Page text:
Certain products containing ethylene oxide (EtO) are considered pesticides under the Federal Insecticide, Fungicide and Rodenticide Act (FIFRA) because they can be used to kill viruses and bacteria.
For instance, EtO can be used as a pesticide to sterilize certain equipment, including some medical devices like implants and surgical tools that cannot be sterilized using alternative methods such as steam or radiation due to lack of compatibility with certain materials.
However, because regular exposure to EtO over long periods of time can pose cancer risks, the Environmental Protection Agency (EPA) is working to mitigate these risks. The EPA has issued a proposed interim decision with the following recommendations that will impact health care:
Use-rate reduction for medical equipment sterilization. The EPA proposes lowering the amount of EtO used per sterilization cycle for medical devices at sterilization facilities while continuing to meet requirements from the Food and Drug Administration for sterility assurance.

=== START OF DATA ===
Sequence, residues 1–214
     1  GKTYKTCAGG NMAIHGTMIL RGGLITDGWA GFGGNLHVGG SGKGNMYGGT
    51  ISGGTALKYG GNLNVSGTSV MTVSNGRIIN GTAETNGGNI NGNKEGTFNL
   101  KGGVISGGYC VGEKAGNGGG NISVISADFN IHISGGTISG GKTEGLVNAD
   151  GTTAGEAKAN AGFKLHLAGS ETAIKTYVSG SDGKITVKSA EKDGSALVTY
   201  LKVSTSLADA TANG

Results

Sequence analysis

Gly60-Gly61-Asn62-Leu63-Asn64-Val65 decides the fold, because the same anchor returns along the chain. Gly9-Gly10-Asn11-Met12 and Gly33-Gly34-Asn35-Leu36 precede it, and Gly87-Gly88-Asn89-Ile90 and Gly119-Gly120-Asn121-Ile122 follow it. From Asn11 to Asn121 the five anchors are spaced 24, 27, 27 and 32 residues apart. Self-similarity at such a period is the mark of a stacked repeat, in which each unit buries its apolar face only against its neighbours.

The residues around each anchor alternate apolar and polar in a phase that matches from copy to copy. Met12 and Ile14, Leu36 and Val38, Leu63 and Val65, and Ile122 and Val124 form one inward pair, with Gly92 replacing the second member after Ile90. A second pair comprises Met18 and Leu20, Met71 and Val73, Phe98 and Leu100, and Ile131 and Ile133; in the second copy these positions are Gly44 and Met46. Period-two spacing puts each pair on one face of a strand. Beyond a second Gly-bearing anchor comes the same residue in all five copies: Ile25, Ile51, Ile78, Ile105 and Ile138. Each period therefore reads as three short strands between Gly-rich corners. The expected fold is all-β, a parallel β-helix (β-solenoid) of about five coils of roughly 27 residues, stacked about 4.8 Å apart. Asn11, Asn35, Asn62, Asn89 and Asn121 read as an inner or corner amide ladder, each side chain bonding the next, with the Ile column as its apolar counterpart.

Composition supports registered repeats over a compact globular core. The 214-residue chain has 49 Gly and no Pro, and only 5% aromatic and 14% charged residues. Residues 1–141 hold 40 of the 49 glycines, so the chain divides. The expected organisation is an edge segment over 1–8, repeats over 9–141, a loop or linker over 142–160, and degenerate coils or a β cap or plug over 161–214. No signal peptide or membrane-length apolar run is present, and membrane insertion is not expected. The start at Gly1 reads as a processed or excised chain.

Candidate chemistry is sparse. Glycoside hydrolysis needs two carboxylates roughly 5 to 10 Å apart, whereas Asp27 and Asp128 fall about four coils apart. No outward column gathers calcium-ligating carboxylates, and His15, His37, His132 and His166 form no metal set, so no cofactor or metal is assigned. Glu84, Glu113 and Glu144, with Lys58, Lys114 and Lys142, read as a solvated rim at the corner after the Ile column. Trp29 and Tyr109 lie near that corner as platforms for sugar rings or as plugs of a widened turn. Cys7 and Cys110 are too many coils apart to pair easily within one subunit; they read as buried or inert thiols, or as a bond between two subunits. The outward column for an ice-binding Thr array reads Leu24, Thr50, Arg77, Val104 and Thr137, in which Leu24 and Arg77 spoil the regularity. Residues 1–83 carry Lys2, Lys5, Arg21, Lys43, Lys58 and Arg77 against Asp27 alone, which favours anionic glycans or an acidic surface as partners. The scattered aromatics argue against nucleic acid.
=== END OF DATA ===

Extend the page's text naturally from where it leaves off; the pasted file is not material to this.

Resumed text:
Engineering controls for health care facilities. The EPA proposes requiring health care facilities to implement engineering controls to reduce exposure to EtO, including:
- Separating EtO sterilization spaces from other work areas to reduce the broader circulation of EtO;
- Implementing negative air pressure in rooms containing EtO sterilization devices to ensure that air will not flow from a room with a higher EtO concentration into the rest of the health care facility;
- Using abatement devices (i.e., equipment used to capture polluting substances) that will remove EtO from the exhaust air and reduce discharge to the environment; and
- Discharging exhaust air from EtO sterilization devices through exterior ventilation stacks after passing through abatement devices to reduce the amount of EtO re-entrained into the building.
Visit the EPA’s website for additional information and a link to submit comments by June 27.